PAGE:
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You can’t do that! Keeping your events Code compliant
Ethics, culture and lactation: essential concepts and principles for lactation specialists
Spotlight on infant formula: why action to tackle the harmful practices of companies is needed
The commercialization of human milk

 

You can’t do that! Keeping your events Code compliant

by Jodine Chase
1.25 E CERPS and 1.25 pre-exam education hours

You’re planning an event for World Breastfeeding Week. You’ve got a great team and lots of local support. But the gift bag coordinator says a local store wants to include a nipple cream sample. The local chiropractor coupon, is that a no? What about the milk bank info sheet, yes? Someone wants to raffle off a breast pump? Now your head is spinning. Sponsors, giveaways, brochures, how do you deal with it all while ensuring you or your group doesn’t get involved in controversy over unethical marketing and Code violations? This presentation explained how to host a Code compliant event that doesn’t contribute to predatory marketing Booby Traps that erode breastfeeding.

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Ethics, culture and lactation: essential concepts and principles for lactation specialists

by Cynthia Good Mojab, MS, IBCLC, RLC, CATSM
2.00 E CERPS and 2.00 pre-exam education hours

This session introduces ethical and cultural concepts and principles that are essential for ethical decision making in cross-cultural lactation counseling and consulting settings anywhere in the world. It includes a review of cultural dimensions which impact lactation and lactation counseling and consulting; principles within the Code of Professional Conduct that mandate cultural competence; how ethical issues interact with non-universal, culturally-based values and beliefs in lactation counseling and consulting; and fundamental principles that lactation specialists must apply when working to resolve ethical dilemmas in cross-cultural settings. A case study illustrates the application of these ethical and cultural concepts and principles.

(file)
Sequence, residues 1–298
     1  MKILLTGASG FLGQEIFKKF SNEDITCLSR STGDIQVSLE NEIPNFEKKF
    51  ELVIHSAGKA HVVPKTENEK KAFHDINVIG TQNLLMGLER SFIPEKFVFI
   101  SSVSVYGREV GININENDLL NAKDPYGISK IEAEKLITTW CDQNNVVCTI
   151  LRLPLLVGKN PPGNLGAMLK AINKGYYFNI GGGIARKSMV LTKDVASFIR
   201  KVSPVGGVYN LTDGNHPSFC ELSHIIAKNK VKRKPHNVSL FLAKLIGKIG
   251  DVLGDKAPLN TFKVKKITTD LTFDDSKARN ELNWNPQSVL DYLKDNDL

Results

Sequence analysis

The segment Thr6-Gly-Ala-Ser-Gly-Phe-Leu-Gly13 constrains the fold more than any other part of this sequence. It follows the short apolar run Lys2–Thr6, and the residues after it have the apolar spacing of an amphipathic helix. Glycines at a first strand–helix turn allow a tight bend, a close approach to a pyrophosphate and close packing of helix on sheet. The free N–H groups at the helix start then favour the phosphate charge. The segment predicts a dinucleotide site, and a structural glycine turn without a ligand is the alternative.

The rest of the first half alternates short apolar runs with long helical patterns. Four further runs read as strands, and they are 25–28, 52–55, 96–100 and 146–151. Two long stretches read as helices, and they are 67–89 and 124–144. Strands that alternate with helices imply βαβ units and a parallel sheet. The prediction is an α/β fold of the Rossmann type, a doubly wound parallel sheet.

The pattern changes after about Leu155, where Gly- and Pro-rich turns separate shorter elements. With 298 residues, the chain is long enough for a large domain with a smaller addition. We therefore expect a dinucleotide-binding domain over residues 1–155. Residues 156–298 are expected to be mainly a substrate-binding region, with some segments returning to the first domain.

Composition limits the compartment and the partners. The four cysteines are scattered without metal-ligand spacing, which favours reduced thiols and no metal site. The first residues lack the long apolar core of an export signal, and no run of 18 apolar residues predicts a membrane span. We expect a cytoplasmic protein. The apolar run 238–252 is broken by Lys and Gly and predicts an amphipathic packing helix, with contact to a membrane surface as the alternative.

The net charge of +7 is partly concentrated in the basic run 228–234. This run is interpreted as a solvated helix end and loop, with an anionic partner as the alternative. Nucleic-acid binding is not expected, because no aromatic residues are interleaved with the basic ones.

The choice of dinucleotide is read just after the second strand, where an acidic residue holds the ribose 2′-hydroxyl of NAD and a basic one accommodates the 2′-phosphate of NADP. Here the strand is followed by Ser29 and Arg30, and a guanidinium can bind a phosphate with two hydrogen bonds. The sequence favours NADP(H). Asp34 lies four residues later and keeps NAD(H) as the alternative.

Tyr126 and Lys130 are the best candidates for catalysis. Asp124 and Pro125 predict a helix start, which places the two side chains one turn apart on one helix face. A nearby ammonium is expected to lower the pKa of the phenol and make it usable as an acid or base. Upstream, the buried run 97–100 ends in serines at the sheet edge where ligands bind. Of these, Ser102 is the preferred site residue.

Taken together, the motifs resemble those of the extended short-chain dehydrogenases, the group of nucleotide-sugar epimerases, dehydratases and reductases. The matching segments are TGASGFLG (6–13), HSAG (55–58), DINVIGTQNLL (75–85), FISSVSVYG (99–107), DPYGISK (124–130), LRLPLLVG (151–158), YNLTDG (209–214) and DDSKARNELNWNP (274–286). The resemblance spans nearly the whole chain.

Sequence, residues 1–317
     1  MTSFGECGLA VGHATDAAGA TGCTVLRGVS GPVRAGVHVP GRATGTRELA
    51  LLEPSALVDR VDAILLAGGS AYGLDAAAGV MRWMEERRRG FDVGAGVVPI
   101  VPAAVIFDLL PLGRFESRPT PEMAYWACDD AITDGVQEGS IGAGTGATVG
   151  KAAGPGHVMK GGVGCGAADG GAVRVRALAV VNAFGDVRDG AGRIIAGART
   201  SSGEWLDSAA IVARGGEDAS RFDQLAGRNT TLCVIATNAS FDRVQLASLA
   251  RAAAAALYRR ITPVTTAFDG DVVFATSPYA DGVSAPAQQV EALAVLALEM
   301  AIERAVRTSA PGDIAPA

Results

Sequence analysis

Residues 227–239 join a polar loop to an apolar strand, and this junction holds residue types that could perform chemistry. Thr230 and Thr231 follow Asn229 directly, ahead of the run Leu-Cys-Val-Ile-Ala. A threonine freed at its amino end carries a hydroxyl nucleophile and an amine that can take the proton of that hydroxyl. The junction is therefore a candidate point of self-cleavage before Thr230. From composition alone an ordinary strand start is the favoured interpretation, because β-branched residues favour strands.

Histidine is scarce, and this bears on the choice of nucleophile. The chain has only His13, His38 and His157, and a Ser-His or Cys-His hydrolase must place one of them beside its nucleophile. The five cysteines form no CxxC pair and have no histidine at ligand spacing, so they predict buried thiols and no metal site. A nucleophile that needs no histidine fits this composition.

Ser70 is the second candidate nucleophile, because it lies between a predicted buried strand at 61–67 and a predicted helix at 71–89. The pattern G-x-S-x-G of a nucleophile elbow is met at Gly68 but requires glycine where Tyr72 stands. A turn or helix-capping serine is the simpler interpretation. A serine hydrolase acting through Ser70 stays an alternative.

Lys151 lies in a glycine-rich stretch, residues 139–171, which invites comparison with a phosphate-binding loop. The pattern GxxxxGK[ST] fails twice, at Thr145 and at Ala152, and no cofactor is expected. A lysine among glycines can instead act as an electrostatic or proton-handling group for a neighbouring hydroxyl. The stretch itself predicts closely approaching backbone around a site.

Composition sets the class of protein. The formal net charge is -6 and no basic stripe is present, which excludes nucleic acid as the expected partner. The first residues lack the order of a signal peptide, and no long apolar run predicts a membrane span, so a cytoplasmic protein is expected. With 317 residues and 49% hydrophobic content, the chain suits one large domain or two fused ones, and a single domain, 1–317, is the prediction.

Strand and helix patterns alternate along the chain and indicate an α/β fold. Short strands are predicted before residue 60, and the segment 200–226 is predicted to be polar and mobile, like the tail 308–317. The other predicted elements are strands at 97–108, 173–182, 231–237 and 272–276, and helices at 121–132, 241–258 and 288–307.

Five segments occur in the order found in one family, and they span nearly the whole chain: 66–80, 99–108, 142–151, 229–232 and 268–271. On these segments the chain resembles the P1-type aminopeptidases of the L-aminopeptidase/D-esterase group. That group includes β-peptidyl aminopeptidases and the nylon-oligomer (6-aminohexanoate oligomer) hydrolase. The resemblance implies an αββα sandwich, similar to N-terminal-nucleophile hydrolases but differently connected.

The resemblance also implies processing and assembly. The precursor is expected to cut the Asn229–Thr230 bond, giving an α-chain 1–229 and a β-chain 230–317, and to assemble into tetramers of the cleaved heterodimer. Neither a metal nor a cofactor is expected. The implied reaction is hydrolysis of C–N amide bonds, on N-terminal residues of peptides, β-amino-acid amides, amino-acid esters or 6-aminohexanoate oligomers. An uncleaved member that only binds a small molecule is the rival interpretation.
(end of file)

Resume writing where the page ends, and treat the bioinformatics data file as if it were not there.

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Spotlight on infant formula: why action to tackle the harmful practices of companies is needed

by Alison McFadden, PhD, RM, ADM, Cert Ed
0.75 E CERP and 0.75 pre-exam education hour

Based in part on research conducted in 2014, this presentation will highlight how promotion and marketing activities of breastmilk substitute companies undermine breastfeeding. More specifically it will explore challenges in implementing the International Code on Marketing of Breastmilk Substitutes providing specific examples from six countries: Bangladesh, Brazil, Indonesia, Nigeria, the Philippines and the UK. The presentation will emphasise the need for co-ordinated action to address these challenges and make suggestions for how this could be achieved.

The commercialization of human milk

by Jodine Chase
1.25 E CERPS and 1.25 pre-exam education hours

Non-profit human milk banks in North America dispensed over 4 million ounces of human milk in 2015 for infants in need. That sounds like a lot of milk, and it is an increase of 10 fold since the turn of the century. But in the same year, two competing US companies say they processed a similar amount of milk for commercial human milk products. One says they bought 1 million ounces at $1/oz that year. And a third company that offers a web-based brokerage for private buyers and sellers claims to have 10,000 ads offering 45 million ounces of milk at any given time. A Utah-based company is paying women in Cambodia for their milk and reselling it in the US. Infant formula companies are looking to extract human milk components to enhance their products, and the for-profit trend is expanding beyond the US’s borders into Canada, Australia, and beyond. Learn more about this human milk marketplace – what are the products being sold, and how to do they compare to traditional human donor milk? What are the options for families that wish to donate or sell milk, and for those in need?

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